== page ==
Potassium is the most abundant cation in wine. Its concentration depends both on the grape variety, the soil conditions, the collection procedures (presence of scratches) and the methods used in winemaking. High values of potassium in the grapes will lead to more basic musts, which could adversely affect the quality of the wine. Although most of the potassium salts are soluble, potassium bitartrate decreases its solubility as the concentration of alcohol increases, giving rise to precipitates that, although they do not affect the organoleptic properties of the wine, can be perceived as a decrease in quality.
The iron is present in the grapes from both the same grape and from dirt and from contact with the tools used during the elaboration process. Iron is capable of forming complex colored salts and is therefore a critical element when it comes to providing wine with a hue. An excess of iron, in addition to providing a bluish hue, can cause the appearance of ferric phosphate (white) and ferric tanate (blue) precipitates under oxidation conditions.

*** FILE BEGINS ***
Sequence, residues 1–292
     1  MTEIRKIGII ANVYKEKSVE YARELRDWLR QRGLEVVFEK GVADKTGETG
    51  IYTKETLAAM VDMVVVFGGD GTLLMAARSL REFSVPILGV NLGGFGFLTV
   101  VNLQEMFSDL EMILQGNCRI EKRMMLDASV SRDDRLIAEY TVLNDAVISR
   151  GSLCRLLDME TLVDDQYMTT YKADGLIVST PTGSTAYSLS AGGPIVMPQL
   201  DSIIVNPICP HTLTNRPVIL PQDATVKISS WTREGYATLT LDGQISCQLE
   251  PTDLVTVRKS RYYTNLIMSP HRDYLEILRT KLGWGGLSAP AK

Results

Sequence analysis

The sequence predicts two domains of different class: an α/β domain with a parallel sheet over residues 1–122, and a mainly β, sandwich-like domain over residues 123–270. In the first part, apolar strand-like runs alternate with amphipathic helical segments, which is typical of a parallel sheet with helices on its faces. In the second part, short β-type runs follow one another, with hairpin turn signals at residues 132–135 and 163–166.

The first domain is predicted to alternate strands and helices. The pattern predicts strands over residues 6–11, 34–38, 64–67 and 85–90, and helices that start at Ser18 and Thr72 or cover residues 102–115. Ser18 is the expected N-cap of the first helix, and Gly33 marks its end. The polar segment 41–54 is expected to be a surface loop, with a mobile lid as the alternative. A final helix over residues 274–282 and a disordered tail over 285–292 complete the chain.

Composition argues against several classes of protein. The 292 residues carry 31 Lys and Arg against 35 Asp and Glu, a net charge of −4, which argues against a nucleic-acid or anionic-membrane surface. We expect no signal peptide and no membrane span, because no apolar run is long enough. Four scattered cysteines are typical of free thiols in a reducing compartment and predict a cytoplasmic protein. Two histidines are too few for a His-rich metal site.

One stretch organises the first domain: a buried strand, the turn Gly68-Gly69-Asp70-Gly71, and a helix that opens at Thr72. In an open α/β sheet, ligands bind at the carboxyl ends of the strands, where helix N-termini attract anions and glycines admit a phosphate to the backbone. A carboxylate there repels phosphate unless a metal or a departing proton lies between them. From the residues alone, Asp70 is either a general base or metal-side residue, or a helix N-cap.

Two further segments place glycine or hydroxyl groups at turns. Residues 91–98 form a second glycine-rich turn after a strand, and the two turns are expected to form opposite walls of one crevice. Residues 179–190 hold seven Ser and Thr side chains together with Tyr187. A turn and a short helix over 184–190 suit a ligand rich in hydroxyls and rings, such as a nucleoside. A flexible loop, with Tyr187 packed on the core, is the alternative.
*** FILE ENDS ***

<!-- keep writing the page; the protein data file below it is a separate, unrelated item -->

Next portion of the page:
The presence of copper in wine is common due to both the phytosanitary treatments carried out on the grapes, as well as the controlled addition of copper salts as part of the winemaking process. Most of the copper is precipitated in the form of sulphides and subsequently filtered. However, a high residual concentration thereof is toxic and can severely affect the alcoholic fermentation process, accelerate phenolic oxidation, cause turbidity and produce precipitates in reducing media. The control of copper concentration is essential to ensure both stability during the ripening process and ensure safe consumption.
Calcium is a natural element in the must, although in certain manufacturing processes calcium salts (calcium carbonate for acidity reduction) and other calcium-rich substances (casein for clarification) can be added. The solubility of calcium decreases with increasing alcohol content, easily reaching supersaturation. In these cases there is a risk of causing calcium tartrate precipitates (and in some cases calcium oxalate) during aging inside the bottle, since its formation is very slow. This problem is particularly relevant in white wines because of its visibility. The control of calcium levels makes it possible to force the precipitation of said crystals, and their subsequent filtration, as part of the manufacturing process.